Is it Legal to Carry Pepper Spray in Australia?

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Capsicum spray

Everyone deserves the right to feel safe. If you walk home from your bus stop after work and the way is poorly lit, or if you live in a dodgy neighbourhood, you may feel that you face a real risk of being attacked. You can’t rely on Superman or Batman to come to the rescue at the right moment (unfortunately!), so you may want to arm yourself in some way so you feel more secure about going out alone. But if you are thinking about arming yourself with pepper spray in Australia, you may want to reconsider that approach.

In most states and territories, including NSW, it is illegal to carry or possess pepper spray or mace. These items are classed as prohibited weapons. The only exception is in Western Australia, where pepper spray and mace are defined as controlled weapons, meaning that ownership of them is legal, but is restricted.

This article will outline the legality of carrying these items, and the possible legal consequences of possessing or using them.

Can I carry pepper spray or mace?

In NSW, Section 7 of the Weapons Prohibition Act 1998 states that it is an offence to possess or use a prohibited weapon unless authorised with a permit. Permits authorise the use of a prohibited weapon for sporting, training or instructing purposes, or for educational, historical or commemorative-type purposes. Permits are usually not issued to people wanting to carry items for personal security or recreational purposes.

Schedule 1 of the Act lists items classed as prohibited weapons. Included in that list is mace and any device designed or intended as a defence or anti-personnel spray that is capable of discharging by any means any irritant matter comprising or containing in liquid, powder, gas or chemical form oleoresin capsicum, known as OC. OC is generally the main ingredient used in pepper spray.

So the short answer is no, you cannot carry pepper spray or mace to protect yourself in NSW. This list also covers many more items that you are not permitted to carry to protect yourself. For example, flick knives, kung-fu sticks, batons, Tasers, and even light-emitting anti-personnel devices that are designed to cause temporary incapacity are also classed as prohibited weapons.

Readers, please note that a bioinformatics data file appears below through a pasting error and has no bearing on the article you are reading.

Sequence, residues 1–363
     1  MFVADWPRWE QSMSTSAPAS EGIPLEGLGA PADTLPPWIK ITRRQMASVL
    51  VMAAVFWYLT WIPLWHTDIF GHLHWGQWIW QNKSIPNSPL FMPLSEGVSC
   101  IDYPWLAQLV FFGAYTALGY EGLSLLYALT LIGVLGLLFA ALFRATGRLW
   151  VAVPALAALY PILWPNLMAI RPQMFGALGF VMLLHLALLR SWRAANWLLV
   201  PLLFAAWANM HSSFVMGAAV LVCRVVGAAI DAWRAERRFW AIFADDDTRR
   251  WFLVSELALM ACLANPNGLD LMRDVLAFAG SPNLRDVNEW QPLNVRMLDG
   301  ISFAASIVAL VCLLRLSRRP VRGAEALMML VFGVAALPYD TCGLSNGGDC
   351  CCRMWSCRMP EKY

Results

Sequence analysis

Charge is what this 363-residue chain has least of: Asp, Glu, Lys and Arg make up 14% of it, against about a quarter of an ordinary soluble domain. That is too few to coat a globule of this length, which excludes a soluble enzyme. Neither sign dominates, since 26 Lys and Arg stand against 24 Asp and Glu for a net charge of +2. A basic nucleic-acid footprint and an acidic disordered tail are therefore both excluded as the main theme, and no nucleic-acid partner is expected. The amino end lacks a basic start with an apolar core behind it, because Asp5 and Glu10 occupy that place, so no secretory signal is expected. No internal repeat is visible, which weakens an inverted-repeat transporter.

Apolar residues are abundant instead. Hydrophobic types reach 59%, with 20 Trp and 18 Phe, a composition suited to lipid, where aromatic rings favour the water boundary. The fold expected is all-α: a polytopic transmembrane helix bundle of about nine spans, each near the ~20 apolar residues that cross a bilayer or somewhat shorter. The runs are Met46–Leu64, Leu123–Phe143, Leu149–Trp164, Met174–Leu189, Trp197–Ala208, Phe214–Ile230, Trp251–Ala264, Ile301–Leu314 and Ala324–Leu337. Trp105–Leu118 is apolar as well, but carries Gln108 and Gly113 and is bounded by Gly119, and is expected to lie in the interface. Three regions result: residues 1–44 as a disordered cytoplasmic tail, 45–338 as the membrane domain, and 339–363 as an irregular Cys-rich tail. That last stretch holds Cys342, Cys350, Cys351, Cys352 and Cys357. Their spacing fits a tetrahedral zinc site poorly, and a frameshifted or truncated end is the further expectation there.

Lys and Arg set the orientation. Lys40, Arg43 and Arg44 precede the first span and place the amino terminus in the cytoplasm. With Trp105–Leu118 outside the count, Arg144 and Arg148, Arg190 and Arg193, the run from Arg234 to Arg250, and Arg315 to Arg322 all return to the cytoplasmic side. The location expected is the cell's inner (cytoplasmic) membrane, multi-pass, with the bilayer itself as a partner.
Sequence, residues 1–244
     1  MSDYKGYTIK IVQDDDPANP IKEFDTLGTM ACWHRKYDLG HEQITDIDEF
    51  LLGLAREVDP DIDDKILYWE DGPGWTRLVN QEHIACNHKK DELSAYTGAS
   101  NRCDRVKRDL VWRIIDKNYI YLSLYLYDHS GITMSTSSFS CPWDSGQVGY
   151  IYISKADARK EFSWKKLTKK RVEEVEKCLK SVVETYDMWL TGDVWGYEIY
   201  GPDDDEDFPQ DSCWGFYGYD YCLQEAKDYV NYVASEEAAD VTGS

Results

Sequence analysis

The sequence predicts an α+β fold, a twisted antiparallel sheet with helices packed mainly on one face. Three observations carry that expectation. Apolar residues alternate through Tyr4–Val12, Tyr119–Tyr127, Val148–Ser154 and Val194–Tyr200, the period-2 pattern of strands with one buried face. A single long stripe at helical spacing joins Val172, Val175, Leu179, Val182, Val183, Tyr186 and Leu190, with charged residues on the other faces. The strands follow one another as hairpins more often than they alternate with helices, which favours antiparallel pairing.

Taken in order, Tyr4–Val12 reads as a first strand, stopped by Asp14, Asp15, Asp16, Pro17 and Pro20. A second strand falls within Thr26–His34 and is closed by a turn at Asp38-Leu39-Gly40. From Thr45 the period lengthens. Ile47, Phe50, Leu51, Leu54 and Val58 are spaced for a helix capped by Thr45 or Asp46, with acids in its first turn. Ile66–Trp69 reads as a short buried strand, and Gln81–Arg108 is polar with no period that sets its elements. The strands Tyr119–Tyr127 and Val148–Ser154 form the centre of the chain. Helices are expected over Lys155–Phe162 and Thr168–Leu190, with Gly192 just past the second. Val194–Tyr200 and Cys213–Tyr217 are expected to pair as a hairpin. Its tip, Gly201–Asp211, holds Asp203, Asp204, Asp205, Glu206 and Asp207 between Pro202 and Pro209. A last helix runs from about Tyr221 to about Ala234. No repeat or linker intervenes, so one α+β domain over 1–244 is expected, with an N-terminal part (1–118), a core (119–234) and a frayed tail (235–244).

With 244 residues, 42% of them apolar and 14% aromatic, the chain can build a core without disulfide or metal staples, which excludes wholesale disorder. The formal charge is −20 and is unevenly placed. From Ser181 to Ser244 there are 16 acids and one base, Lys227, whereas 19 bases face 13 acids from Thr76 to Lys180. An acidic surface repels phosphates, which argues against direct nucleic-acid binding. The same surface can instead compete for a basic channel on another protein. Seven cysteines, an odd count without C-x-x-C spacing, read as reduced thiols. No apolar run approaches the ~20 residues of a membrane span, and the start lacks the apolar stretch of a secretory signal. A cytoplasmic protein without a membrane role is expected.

It is worth noting that police officers are permitted to carry pepper spray and mace. However, they must use these devices reasonably and appropriately in the right circumstances, or they may face an internal investigation and reprimand.

Using pepper spray or mace

To be in possession of these items is an offence. Using them is also an offence, and can give rise not only to breaching the Act, but also to being charged with additional criminal offences.

For example, if you are in a situation where you are carrying pepper spray, and you are attacked and use it to defend yourself, you may still be charged for possession and use of a prohibited weapon.

You may also possibly be charged for assault, or assault occasioning actual bodily harm. You could have your lawyer raise the argument that you acted in self-defence, which the prosecution would have to negate by showing your actions were not a reasonable response. But even if you are successful in this defence, you are being put through quite an ordeal with being charged by police and facing the stress, time and expense of a court process. The penalties for using pepper spray against someone can be severe.

The penalties for using pepper spray or mace

Unauthorised possession or use of pepper spray or mace is a serious offence. It can be prosecuted on indictment, which means you can face a jury trial in the district court. If you are charged on indictment, then the maximum penalty is up to 14 years in prison.

The offence does, however, tend to be prosecuted summarily in the local court, unless the prosecutor elects otherwise. The maximum penalty if this offence is prosecuted in the local court is two years’ imprisonment.

Remember there can be legal consequences

If you are in a situation where you feel that you face a real risk of being attacked by someone you know, you may want to consider applying for an apprehended violence order against that person. If you fear for your personal safety late at night, for example, carrying pepper spray is not going to be the best course of action. Taking matters into your own hands can have serious legal consequences.

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Ugur Nedim

Ugur Nedim

Ugur Nedim is an Accredited Criminal Law Specialist with 25 years of experience as a Criminal Defence Lawyer. He is the Principal of Sydney Criminal Lawyers®.

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